Red Dead Redemption II is an undisputed masterpiece, but we still have to recognize its problems. While it was universally lauded by critics, the game seemed to receive a more lukewarm response from the general fan base, leading to some productive and intelligent discussions. Unfortunately, we can't just blindly accept everything this game has to offer.
We're not saying that these issues will be fixed, or even that fixing them is possible. We're just pointing out the issues that this game needed to iron out to guarantee perfection. These are the ten biggest fixes that Red Dead Redemption II needs to make.
10 The Movement
One of the biggest criticisms levied against the game was the awkward movement, as Arthur moved like a walking sack of bricks. His gait was way too slow, and the game proved borderline unplayable once you needed to search various homes for items. You needed to align with a specific item almost perfectly, and even when you did, Arthur would sometimes move, glide, and position himself in a very slow and laborious manner just to pick up a can of peas. It made searching areas a pain in the butt, and it made us wish there was an easier way to do so.
A new mechanism introduced in this game was the ability to loot bodies. Of course, you don't need to loot the corpses of your enemies, but doing so often results in obtaining valuable items, money, and ammunition.
Unfortunately, looting is a major pain that can takes minutes on end. Following a particularly large gunfight, you will be required to visit every single body and sit through the looting animation every single time. It's a major pace killer, and it's enough to make you forget about the mechanic entirely.
8 Weapon Inventory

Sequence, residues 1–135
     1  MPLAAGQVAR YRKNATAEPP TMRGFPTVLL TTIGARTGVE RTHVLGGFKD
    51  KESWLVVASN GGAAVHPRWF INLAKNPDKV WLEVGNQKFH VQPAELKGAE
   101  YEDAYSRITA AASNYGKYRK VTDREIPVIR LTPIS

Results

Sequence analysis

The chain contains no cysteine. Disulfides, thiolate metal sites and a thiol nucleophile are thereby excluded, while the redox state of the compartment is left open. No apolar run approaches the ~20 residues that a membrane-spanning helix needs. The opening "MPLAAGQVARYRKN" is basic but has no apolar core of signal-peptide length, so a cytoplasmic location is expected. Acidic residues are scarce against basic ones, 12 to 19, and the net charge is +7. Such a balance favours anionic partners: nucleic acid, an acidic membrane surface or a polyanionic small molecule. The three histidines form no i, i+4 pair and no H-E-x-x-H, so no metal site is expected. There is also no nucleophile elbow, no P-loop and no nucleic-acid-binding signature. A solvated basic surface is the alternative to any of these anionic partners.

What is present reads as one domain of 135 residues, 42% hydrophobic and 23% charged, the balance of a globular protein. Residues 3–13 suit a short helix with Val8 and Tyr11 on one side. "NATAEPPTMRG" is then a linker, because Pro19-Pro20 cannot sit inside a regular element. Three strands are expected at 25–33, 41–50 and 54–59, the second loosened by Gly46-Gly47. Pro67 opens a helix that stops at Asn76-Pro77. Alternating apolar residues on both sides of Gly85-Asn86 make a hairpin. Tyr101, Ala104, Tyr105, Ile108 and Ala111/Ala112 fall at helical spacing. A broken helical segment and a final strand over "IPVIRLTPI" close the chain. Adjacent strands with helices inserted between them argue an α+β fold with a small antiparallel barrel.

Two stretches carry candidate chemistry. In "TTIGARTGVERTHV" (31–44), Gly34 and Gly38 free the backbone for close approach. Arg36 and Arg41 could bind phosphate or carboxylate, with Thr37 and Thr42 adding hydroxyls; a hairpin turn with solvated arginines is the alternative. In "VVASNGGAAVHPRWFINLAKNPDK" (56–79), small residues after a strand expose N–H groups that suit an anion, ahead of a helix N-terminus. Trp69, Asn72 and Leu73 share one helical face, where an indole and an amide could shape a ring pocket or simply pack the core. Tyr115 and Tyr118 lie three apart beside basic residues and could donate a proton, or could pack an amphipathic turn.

We honestly don't know what Rockstar was thinking with this one. The weapon inventory is totally bonkers, and it is guaranteed to frustrate you at least one time in the game. Rather than keeping your specific loadout (say, a repeater and the bow), the game often resets your loadout every time you get on and off the horse, forcing you to manually select the items again every time you want to use them. To make matters even worse, the game will often force you into using a specific weapon for a mission and will even block your ability to change weapons! It's absurd.
7 Fast Travel
If you're going to make a game world this massive, you best believe you are including a fast travel mechanic. For some bizarre reason, Rockstar failed to do so. The first game allowed you to travel anywhere on the map from your campfire, and it was a godsend. However, this game forces you into riding your horse wherever you want to go, and it gets old real fast. Yeah, you can take a train or coach to your destination, but that always involves riding to the train or coach instead of just instantly teleporting. It sounds like a minor inconvenience, and it is.
If Rockstar could do it all over again, we'd tell them to ditch Guarma entirely. One of the biggest complaints about this game was the entire Guarma chapter. For one thing, it effectively halted the story's pace and progression in its track, and it felt like nothing but a filler episode in one of your favorite TV shows. It also contained a pretty lame map, you didn't have access to your weapons, and there was essentially nothing to do but the story missions and bird watching. This felt like a piece of DLC randomly shoehorned into the full game, and players were not very happy about its inclusion.